I had a moment of epiphany this week.
My son does not like being around large groups of people. He does not like being in enclosed spaces with lots of other people. He cannot work with others if there is noise going on or people moving around. He struggles with indoor group situations, becoming very anxious and overwhelmed.
But because he is my “autistic son“, there is an expectation from many that I must help him “overcome” this “difficulty“. We have tried. For many years! Yet he still hates the same things and wants to get away from them.
Last week, as I watched him struggle at one of our weekly groups, looking as though he was in actual physical pain, it all became clear.
Maybe him disliking certain situations isn’t actually a problem!
Maybe the “problem” is that I keep trying to “help” him to “overcome” situations which he just doesn’t like.
Thinking back to life with his older brother, an able-bodied neuro-typical child, I recall the many things he disliked when younger. We accepted that he didn’t cope well with those things and did not try to force him to do them. He is now able to tolerate all those things, without us ever forcing him into anything.
As a child, I hated the feeling of grass to a point where I would scream. I also couldn’t cope with sand, spiders, getting dirt on my hands, touching anything slimy or sticky and a whole host of other things.
As an adult, I still don’t like those things much but I no longer have to avoid them. I was not forced to try to overcome anything. I just didn’t like them and that was okay.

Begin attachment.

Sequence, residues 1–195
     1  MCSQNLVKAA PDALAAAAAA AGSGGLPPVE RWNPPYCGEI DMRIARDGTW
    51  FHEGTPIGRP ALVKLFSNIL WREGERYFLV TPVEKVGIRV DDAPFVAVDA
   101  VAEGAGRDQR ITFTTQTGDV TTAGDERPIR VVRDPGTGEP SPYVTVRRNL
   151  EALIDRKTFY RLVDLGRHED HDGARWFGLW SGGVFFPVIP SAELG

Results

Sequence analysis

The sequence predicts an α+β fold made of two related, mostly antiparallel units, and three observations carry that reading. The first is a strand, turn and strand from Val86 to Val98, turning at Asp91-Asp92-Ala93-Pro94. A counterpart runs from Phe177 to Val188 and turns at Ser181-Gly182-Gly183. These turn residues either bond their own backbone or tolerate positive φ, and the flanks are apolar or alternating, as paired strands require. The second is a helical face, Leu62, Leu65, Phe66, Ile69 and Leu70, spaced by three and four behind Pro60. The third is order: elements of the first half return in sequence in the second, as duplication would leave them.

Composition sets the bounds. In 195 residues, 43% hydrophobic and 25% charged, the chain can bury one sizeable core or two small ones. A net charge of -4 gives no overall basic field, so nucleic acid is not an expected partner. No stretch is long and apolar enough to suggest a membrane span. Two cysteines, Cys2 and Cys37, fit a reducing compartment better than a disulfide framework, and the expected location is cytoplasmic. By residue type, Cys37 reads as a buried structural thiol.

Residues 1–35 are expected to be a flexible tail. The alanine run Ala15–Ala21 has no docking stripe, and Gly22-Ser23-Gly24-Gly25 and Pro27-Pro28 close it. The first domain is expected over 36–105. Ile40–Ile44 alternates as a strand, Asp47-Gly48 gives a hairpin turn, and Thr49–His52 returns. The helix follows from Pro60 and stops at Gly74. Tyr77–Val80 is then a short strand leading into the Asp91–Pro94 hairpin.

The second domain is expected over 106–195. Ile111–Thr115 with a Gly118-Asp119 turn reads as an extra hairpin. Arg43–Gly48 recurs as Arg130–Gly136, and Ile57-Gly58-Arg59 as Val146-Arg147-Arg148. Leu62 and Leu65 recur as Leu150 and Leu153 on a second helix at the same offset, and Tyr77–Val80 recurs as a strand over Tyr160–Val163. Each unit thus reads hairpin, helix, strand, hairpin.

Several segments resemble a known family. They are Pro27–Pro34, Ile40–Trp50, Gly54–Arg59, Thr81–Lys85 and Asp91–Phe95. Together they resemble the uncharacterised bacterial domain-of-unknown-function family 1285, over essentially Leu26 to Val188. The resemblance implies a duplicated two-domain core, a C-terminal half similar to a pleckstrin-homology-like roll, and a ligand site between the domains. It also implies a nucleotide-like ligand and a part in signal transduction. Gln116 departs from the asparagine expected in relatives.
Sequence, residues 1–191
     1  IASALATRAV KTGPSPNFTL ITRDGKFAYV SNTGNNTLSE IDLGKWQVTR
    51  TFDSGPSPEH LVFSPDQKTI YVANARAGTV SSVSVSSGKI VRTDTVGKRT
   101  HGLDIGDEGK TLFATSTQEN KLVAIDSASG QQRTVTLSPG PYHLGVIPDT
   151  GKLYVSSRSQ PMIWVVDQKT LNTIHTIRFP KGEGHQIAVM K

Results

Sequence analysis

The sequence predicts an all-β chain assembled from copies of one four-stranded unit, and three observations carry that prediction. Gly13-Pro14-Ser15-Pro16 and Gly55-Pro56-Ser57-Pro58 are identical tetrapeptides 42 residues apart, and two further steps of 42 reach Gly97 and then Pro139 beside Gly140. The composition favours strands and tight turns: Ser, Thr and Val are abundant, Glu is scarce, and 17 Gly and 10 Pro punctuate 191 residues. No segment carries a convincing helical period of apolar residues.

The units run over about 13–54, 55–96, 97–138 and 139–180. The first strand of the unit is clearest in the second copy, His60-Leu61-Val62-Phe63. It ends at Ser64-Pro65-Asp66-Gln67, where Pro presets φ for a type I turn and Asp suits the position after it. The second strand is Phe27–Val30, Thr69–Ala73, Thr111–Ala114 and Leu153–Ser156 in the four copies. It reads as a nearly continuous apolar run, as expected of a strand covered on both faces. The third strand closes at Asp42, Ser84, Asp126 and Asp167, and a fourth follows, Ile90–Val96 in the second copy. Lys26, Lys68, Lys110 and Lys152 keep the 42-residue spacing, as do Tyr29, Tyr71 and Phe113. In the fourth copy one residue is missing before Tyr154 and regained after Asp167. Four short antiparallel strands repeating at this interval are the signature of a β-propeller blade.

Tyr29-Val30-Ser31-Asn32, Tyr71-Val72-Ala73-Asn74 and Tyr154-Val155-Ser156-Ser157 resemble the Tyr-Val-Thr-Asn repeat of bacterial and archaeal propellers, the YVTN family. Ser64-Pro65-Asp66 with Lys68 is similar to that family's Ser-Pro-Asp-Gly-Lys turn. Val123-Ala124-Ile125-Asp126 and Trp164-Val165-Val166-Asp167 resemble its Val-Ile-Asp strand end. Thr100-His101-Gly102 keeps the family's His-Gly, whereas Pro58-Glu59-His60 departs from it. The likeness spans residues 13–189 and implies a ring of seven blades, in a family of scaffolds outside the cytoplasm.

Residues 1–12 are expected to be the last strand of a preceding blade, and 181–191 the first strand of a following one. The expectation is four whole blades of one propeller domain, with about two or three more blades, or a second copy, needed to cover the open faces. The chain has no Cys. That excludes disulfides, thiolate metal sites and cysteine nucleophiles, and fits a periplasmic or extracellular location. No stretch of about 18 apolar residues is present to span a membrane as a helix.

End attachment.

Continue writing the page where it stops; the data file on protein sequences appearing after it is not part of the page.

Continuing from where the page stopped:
But, somehow, once your child is identified as being autistic or having learning disabilities, those same dislikes become “difficulties” which you are supposed to help them overcome.
And maybe that is where it is all going wrong.
On this particular day my son was at a group we had attended weekly for several years. He knew most of the other children and adults but was still not able to cope with being in the main hall with them. We had gone into the kitchen to decorate some biscuits, but the anxiety was too great – he was overwhelmed and unable to enjoy anything. It was a huge struggle to get him to take part at all and he looked as though he was in actual physical pain.
It was horrible to see my beautiful boy struggling.
My beautiful boy who had been brilliant at home that morning was now a shell of himself.
My beautiful boy who had engaged with learning activities so well just a few hours before was now struggling to put a chocolate chip on a biscuit!
Later that day he brought two friends home and went back to being his funky, cheery self with them. He is not unsociable and he likes other people, just on his own terms. I know that he loves his friends deeply and he enjoys the company of others as long as it is in the right social situation for him.
He just doesn’t like big group situations in indoor spaces – no matter how big the room is.
And I think I need to just accept that and be okay with it.
There are many ways to socialise, there are many ways to gain the experience of working with others. And that is where my focus needs to be.
Maybe autism isn’t the problem, maybe the problem is that I have been trying too hard to overcome something which just needs to be accepted as a part of who my son is?
Just to be clear, I am not saying we will stay away from groups or activities – we are just going to stop doing what isn’t working. I have invested years into trying to overcome his dislike of large indoor group situations, but it isn’t working.
We love going out and we love meeting up with other people and we will still be doing that, just in the right way for my son.
One of the biggest mistakes people make when they hear “home education” is that they assume it all happens at home, which could not be further from reality!